} while (0)
 
 #endif /* __KERNEL__ */
--- a/ipc/sem.c
+++ b/ipc/sem.c
@@ -260,16 +260,6 @@ static void sem_rcu_free(struct rcu_head
 }
 
 /*
- * spin_unlock_wait() and !spin_is_locked() are not memory barriers, they
- * are only control barriers.
- * The code must pair with spin_unlock(&sem->lock) or
- * spin_unlock(&sem_perm.lock), thus just the control barrier is insufficient.
- *
- * smp_rmb() is sufficient, as writes cannot pass the control barrier.
- */
-#define ipc_smp_acquire__after_spin_is_unlocked() smp_rmb()
-
-/*
  * Wait until all currently ongoing simple ops have completed.
  * Caller must own sem_perm.lock.
  * New simple ops cannot start, because simple ops first check
@@ -292,7 +282,7 @@ static void sem_wait_array(struct sem_ar
  sem = sma->sem_base + i;
  spin_unlock_wait(&sem->lock);
  }
- ipc_smp_acquire__after_spin_is_unlocked();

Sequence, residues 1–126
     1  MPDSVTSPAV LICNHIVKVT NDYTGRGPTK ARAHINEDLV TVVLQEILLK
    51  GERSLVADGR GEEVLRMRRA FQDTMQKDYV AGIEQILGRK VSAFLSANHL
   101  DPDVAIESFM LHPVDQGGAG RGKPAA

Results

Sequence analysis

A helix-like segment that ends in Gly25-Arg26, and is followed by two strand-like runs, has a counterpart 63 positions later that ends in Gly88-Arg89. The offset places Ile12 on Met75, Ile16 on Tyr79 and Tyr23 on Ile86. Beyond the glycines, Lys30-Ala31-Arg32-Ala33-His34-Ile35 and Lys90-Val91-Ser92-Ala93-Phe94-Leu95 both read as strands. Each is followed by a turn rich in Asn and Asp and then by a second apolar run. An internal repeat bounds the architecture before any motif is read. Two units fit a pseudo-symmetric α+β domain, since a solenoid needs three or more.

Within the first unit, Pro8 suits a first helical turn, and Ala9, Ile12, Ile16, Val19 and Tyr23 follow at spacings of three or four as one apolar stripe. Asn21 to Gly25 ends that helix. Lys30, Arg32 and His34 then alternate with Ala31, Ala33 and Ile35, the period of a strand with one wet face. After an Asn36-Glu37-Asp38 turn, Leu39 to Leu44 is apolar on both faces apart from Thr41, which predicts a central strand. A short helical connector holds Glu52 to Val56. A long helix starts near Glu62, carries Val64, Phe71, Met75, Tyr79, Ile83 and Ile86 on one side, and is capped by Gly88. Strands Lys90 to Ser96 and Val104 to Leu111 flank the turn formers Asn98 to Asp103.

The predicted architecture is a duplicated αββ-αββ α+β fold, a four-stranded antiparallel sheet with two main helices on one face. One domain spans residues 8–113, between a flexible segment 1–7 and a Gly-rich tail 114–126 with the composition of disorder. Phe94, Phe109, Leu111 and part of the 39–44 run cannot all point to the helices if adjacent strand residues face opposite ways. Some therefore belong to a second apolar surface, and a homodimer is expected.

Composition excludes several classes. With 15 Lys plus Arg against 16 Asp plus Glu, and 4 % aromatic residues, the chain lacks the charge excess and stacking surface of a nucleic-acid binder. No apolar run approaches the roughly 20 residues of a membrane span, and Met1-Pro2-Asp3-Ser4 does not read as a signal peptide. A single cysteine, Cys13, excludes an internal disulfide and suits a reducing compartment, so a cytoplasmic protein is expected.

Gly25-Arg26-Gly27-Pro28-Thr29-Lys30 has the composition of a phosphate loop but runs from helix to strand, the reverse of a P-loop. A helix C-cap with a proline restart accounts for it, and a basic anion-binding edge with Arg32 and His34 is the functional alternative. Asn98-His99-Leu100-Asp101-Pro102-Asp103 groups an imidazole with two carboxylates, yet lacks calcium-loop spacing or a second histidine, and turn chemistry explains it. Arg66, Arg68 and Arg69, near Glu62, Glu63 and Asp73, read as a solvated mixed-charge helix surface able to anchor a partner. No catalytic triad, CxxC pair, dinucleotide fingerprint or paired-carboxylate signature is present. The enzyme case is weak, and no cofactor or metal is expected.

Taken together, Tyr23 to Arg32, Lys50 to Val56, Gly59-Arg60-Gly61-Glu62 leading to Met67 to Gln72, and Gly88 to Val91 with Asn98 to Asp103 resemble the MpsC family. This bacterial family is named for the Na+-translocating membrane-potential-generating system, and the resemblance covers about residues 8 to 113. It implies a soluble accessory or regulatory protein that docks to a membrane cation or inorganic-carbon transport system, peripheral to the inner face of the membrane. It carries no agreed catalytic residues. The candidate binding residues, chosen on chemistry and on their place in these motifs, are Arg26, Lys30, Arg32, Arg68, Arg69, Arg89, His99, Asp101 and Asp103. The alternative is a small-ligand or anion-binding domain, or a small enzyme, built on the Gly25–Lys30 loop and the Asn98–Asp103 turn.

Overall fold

+ smp_acquire__after_ctrl_dep();
 }
 
 /*
@@ -350,7 +340,7 @@ static inline int sem_lock(struct sem_ar
  * complex_count++;
  * spin_unlock(sem_perm.lock);
  */
- ipc_smp_acquire__after_spin_is_unlocked();
+ smp_acquire__after_ctrl_dep();
 
  /*
  * Now repeat the test of complex_count:


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Re: [RFC][PATCH 3/3] locking,netfilter: Fix nf_conntrack_lock()

Peter Zijlstra-5
In reply to this post by Peter Zijlstra-5
On Tue, May 24, 2016 at 04:27:26PM +0200, Peter Zijlstra wrote:

> nf_conntrack_lock{,_all}() is borken as it misses a bunch of memory
> barriers to order the whole global vs local locks scheme.
>
> Even x86 (and other TSO archs) are affected.
>
> Signed-off-by: Peter Zijlstra (Intel) <[hidden email]>
> ---
>  net/netfilter/nf_conntrack_core.c |   30 +++++++++++++++++++++++++++++-
>  1 file changed, 29 insertions(+), 1 deletion(-)
>
> --- a/net/netfilter/nf_conntrack_core.c
> +++ b/net/netfilter/nf_conntrack_core.c